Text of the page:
Credit: Jessica Jiamin Lang

Credit: Jessica Jiamin Lang

But none of that will matter. Come January, the Gambits will more or less host the Sunset Invitational, and, like Boston did a year ago at Bat City, will end the day as the nation’s top team. Rochester will either find a way out for Sunset, or continue to play a thousand East Coast tournaments until they are far more prepared than any college team can hope to be. And when all eyes fall on the US Quidditch Cup 10 finals field, as long as the bracket cooperates, they will be the two teams on the pitch.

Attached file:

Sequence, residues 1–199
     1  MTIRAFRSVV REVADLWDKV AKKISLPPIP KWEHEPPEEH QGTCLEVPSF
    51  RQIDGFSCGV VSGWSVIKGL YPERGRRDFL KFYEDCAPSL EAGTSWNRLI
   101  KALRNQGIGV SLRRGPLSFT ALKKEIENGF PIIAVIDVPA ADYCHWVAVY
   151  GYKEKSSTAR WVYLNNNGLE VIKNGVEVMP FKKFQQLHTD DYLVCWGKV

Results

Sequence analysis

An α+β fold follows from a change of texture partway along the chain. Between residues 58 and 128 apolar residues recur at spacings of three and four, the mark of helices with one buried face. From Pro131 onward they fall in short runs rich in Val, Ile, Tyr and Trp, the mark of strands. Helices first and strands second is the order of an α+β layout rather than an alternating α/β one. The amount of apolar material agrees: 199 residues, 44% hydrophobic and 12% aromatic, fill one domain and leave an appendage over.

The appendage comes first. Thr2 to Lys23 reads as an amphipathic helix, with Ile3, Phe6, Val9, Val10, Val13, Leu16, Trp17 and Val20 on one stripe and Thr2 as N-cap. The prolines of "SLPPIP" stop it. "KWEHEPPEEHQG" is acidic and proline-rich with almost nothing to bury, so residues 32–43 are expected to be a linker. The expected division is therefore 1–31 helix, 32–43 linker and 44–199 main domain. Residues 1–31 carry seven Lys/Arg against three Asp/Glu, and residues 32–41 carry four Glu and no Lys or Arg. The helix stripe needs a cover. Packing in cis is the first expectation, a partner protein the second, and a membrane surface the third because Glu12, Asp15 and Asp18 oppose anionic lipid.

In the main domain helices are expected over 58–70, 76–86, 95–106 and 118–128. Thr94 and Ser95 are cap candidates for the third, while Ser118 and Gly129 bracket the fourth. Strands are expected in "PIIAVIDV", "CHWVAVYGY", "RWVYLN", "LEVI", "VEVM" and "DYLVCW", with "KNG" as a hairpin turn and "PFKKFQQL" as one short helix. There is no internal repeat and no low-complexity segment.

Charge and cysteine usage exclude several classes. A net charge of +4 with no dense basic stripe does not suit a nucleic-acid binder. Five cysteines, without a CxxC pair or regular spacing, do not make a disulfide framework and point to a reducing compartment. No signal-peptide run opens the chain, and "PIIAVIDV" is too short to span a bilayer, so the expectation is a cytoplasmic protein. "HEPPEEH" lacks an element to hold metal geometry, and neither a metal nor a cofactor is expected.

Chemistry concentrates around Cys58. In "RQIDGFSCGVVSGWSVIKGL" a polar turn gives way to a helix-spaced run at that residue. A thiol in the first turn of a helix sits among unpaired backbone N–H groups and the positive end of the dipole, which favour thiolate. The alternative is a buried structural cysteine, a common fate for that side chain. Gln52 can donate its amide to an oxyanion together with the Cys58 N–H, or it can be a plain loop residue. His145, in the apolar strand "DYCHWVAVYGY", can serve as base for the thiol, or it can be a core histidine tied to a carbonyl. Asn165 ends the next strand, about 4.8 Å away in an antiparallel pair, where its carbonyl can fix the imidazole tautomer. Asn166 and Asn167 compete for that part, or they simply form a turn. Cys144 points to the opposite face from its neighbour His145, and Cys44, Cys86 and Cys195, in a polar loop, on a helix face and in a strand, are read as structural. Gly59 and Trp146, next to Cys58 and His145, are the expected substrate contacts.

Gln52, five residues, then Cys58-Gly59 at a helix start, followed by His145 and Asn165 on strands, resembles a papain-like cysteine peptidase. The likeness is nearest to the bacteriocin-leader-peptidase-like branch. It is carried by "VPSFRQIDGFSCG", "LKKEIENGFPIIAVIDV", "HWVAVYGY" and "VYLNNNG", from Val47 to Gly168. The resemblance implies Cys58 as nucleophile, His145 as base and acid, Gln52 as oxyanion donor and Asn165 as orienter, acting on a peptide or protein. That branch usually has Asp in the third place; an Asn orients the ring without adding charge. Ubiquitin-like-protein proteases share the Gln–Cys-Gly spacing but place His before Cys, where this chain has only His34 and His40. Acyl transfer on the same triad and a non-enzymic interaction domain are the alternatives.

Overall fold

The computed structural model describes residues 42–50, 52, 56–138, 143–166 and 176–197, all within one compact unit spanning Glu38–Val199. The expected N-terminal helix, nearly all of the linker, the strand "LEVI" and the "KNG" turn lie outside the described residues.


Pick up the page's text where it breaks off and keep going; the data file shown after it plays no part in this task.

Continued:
This result will be in part because they deserve it and in part because they still have the fire to win a championship, the same fire that spurred the early Texas A&M University graduates to stay with the sport year after year and that held Boston together for just long enough a season ago. But it will also be in part simply because no one else wants it.

Welcome to the USQ season. Welcome to complacency.